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Facebook’s Zuckerberg backs Trump over Dorsey in Twitter fact-check feud

Facebook’s Zuckerberg backs Trump over Dorsey in Twitter fact-check feud
[Photo: Flickr user Anthony Quintano]

Yesterday President Trump unloaded a string of attacks on social media companies in response to Twitter issuing its first-ever fact-check on one of his tweets. That tweet by the president claimed, “There is NO WAY (ZERO!) that Mail-In Ballots will be anything less than substantially fraudulent. Mail boxes will be robbed, ballots will be forged & even illegally printed out & fraudulently signed.”

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Besides lashing out at Twitter, Trump threatened to close down social media companies, or to regulate them, due to what he alleges to be conservative bias on the platforms. But any real salvo by Trump may be limited to an executive order, which the president is expected to announce today. As for what teeth that executive order has, well, that remains to be seen.

However, since Trump’s Twitter fact-check feud began, Twitter’s stock has plummeted more than 6% from yesterday morning (as of pre-market trading today at the time of this writing). Perhaps it’s little surprise then that the CEO of the president’s distant-second-favorite social media platform, Facebook, has rushed to state that he is siding with Trump in this feud.

As The New York Post reports, Mark Zuckerberg gave an interview last night to Fox News, which will air today, in which Zuckerberg said social media companies shouldn’t be the “arbiters of truth.” As Zuckerberg told Fox News:

We have a different policy, I think, than Twitter on this . . . I just believe strongly that Facebook shouldn’t be the arbiter of truth of everything that people say online. In general, private companies probably shouldn’t be, especially these platform companies, shouldn’t be in the position of doing that.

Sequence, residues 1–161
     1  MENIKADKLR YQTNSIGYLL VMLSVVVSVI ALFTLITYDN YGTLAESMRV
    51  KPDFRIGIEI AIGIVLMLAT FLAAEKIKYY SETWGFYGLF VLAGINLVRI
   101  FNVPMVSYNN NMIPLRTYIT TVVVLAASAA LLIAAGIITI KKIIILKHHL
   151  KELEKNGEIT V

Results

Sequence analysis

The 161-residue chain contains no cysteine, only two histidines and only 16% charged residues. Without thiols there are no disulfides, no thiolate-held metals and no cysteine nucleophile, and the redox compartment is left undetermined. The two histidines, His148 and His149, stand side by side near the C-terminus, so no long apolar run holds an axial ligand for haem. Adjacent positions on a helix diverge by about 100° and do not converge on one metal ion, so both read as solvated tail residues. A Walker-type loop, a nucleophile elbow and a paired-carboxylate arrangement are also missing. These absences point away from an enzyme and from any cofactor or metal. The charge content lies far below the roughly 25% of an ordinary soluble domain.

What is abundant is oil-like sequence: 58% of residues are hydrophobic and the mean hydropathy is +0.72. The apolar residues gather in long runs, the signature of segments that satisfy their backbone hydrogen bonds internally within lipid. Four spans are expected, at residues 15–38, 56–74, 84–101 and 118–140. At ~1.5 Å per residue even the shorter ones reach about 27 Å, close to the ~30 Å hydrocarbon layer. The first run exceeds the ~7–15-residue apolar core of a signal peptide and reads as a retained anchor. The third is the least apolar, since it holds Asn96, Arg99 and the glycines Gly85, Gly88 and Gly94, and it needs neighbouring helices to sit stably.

Shortly after news of Zuckerberg’s comments broke, Twitter CEO Jack Dorsey shot back, tweeting that Twitter’s labeling Trump’s tweets as false “does not make us an ‘arbiter of truth.’ Our intention is to connect the dots of conflicting statements and show the information in dispute so people can judge for themselves. More transparency from us is critical so folks can clearly see the why behind our actions.”

But social media taking sides aside, could Trump really issue an executive order that would be an existential threat to Twitter? As Karen North, a professor of social media at the University of Southern California’s Annenberg School of Communication, told USAToday: “Presidents can do anything. But there are checks and balances, and whatever he signs is likely to be challenged by Congress and the courts.”

But one possibility is instead of trying to force his will via an edict, the president could start pushing for changes to the Communications Decency Act. That act is the reason why platforms can’t be sued for content their users post. If Trump wants to cause headaches for social media platforms, a push to change those protections social media companies currently enjoy could go a long way.

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